Yes. Remember Pedro hit Nick Johnson earlier this game, too. That's the way you answer these things. Well done, Mr. Johnson.

Why has the game stopped? Where are the umpires?

Um…I'm not sure. This is very strange.

This Ryan Zimmerman is having a terrible game. He just hit that ball straight up, so he won't drive in a run, and Pedro kept throwing the ball by him earlier.

Yeah, but yesterday he helped beat us. He's just young. A year from now he won't have too many nights like this.

Wow! That was the other Carlos's first hit of the year! A home run! Why isn't he coming out to acknowledge the fans' cheers? He looks very angry.

You know, I don't really blame him. The fans have treated him horribly, Joachim. It's quite a story — he was injured most of last year and didn't tell anybody, and did his best, and the fans booed and booed. Then they gave him a pass after he was badly hurt in this terrifying head-to-head crash, but now they're on his case again for no reason. It's wrong and embarrassing, and I'm actually kind of glad to see that Beltran is finally letting us see that he's human, that he's good and pissed off at being treated this shabbily.

But shouldn't he come out? Won't this make things worse?

Yes. This is what passes for a peace offering in New York. He'd better take it.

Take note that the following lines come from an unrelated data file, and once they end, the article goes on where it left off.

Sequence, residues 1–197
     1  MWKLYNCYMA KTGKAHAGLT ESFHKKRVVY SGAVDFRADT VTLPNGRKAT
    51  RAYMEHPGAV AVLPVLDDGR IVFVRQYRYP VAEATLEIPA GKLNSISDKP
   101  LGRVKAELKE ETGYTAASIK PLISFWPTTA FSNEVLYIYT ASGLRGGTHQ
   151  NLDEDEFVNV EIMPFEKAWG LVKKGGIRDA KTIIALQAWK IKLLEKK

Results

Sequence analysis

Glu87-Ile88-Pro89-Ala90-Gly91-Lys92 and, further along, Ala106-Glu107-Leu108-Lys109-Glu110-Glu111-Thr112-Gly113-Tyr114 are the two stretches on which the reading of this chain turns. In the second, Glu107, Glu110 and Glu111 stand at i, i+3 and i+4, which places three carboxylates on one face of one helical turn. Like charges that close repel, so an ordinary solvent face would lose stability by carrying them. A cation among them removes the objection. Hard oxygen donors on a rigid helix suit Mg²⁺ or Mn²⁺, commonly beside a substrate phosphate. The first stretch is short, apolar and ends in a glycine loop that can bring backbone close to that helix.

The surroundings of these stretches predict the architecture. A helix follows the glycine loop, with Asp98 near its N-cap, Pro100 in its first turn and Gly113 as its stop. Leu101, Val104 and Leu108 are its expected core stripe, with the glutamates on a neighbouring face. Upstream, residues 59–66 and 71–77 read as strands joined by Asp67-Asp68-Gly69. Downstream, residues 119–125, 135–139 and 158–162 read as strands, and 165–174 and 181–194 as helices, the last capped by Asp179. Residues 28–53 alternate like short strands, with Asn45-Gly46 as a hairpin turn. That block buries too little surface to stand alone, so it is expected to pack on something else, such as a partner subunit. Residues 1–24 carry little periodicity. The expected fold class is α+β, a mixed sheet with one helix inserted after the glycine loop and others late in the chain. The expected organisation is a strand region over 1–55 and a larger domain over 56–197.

The old wise player is talking to Carlos — and now he's coming out to wave. Does the old wise player ever actually play?

Yes, but not tonight. He's new here, but I'm beginning to appreciate him.

My goodness, that National tried to hit Lo Duca. And now he did hit him! What is the umpire doing?

He's throwing the pitcher out of the game. See, both benches were warned, earlier –

But the Met pitcher with the glasses hit the National with the strange mustache who hit the home run, and he didn't get thrown out. That seems strange.

Yes, it does.

You're right, this man Frank Robinson is VERY angry. I'm a little worried about him.

So are we.

That Met is extremely fast! He seems to really enjoy playing baseball!

Yep. That's Jose Reyes. And boy do we enjoy watching him play.

Wow, young Mister Zimmerman struck out AGAIN. Is that it? Is that the end?

Afraid so, Joachim. 10-5, Mets. We're 2-1. Pedro gets the win. And the Marlins come to town tomorrow.

You mean you get to watch something this dramatic and fun and strange and wonderful EVERY NIGHT?

Joachim, I think you're gonna like it here.

16 comments to A Farewell — and an Introduction

  • Anonymous

    great post – but I don't have TV, who is the hawk-faced player with the strange name? Nady?

  • Anonymous